However, 20% is a pretty solid number. It’s like the remaining 8 months of your undergraduate career – senior year. Scary, but pretty manageable in my opinion.
My paradigm shift with my family took place when I applied the same exercise to my parents. My parents had me in their late 30s. This messes with the calculations. Now entering their early 60s, the timelines have shifted dramatically. In high school, I probably spent 90% of my time with them every year – which makes a lot of sense given I was living with them. But now that I’m graduated from college and living a fair distance from home, coupled with their age, I probably will see them 20 days a year – about 6% of the days per year I spent with them in my childhood. Assuming they live another 20 years, it means I have only 400 days left with them. This means I have utilized 94% of my in-person time with my parents. I am much farther along into the tail-end of my relationship with them.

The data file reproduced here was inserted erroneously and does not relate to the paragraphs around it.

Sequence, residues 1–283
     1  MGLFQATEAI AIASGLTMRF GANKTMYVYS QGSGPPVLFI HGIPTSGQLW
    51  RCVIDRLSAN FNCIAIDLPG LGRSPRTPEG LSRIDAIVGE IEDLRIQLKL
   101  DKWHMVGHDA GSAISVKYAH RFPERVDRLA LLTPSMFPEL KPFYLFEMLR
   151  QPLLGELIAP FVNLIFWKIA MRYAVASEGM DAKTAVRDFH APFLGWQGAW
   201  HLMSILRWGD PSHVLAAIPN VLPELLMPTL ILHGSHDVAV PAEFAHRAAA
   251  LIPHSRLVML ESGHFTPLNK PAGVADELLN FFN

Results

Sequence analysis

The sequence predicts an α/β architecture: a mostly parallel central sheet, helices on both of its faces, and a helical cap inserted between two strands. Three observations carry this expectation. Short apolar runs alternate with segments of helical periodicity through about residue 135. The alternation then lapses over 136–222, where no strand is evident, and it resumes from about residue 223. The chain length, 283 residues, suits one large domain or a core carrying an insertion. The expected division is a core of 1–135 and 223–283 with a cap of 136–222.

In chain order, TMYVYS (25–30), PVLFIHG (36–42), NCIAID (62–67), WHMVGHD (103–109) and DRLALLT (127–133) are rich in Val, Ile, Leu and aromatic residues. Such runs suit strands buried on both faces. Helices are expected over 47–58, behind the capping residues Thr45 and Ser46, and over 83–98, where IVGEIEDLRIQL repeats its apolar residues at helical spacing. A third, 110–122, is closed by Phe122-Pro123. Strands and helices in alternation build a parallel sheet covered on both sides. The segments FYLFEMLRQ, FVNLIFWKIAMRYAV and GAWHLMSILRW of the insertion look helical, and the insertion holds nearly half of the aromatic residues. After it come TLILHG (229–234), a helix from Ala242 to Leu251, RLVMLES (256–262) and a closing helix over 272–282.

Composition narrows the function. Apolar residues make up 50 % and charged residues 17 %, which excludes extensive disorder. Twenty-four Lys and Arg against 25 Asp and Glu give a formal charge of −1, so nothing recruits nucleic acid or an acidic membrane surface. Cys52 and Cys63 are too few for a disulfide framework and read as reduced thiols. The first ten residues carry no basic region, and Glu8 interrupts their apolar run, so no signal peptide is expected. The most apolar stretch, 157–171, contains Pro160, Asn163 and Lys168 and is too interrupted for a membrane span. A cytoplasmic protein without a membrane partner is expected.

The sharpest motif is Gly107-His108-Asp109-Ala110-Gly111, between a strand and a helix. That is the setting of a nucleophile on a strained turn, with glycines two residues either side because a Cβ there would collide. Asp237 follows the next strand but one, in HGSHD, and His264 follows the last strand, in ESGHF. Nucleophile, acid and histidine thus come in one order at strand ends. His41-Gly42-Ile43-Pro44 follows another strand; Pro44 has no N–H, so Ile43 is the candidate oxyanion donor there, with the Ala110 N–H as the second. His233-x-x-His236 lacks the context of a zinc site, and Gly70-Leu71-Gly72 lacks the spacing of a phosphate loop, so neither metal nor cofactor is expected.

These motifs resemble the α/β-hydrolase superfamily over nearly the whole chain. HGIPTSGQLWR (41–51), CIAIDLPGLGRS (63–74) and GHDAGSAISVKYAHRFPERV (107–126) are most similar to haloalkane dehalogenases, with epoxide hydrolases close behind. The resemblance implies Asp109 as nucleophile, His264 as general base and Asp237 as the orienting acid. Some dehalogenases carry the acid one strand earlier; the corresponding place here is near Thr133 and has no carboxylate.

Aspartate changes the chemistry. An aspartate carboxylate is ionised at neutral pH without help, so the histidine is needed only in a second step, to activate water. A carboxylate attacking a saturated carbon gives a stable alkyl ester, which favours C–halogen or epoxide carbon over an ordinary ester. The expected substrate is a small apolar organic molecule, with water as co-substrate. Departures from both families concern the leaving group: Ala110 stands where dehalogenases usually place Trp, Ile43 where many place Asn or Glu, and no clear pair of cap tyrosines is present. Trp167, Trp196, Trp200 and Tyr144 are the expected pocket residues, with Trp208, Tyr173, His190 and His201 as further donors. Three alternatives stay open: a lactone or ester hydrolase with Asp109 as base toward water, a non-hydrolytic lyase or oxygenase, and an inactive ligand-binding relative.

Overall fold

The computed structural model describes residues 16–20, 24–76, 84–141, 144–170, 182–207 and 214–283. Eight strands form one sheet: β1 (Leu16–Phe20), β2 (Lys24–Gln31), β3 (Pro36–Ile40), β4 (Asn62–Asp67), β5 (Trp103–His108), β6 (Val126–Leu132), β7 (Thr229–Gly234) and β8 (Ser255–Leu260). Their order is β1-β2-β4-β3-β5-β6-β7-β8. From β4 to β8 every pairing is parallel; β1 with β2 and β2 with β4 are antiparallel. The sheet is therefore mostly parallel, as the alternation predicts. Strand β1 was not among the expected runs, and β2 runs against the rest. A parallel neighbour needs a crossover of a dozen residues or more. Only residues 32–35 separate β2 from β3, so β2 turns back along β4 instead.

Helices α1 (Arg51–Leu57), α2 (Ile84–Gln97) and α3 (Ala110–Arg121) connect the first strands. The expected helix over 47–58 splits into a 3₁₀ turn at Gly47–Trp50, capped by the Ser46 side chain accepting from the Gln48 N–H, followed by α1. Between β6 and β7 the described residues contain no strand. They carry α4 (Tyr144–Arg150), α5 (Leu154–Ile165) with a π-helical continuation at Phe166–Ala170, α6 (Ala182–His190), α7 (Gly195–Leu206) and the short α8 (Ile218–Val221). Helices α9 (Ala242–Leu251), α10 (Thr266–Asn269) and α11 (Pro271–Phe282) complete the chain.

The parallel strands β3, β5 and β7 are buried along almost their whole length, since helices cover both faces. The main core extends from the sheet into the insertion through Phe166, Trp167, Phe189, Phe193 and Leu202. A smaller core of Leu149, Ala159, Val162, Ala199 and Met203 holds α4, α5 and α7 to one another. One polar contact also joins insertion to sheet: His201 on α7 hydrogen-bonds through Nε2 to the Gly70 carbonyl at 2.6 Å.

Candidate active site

These two examples illustrate that even if you are not near your life’s end, your relationships with those who are most important to you may be.
What did this information do for me? It uprooted my relationship with my parents - for the better.
College and my parents
To explain why this idea was so impactful for me, you’ll need a bit of narrative to understand where my head was at the time. I had just entered my freshman year at Stanford, and I was getting kicked in the teeth. I went to a poorly-performing public high school, my parents didn’t go to college, and I was very much out of league in this environment. As you’ll come to know, I don’t do well with not feeling good enough. It was hard for me to explain the academic, social, and emotional struggles that I was experiencing with my parents. They never had a similar experience, so while they could send me their love, they couldn’t give me advice or empathize. I started to harden myself as I saw relating and being close to my parents was holding me back from growing into this new environment. In other words, I resented my upbringing for not preparing me well enough.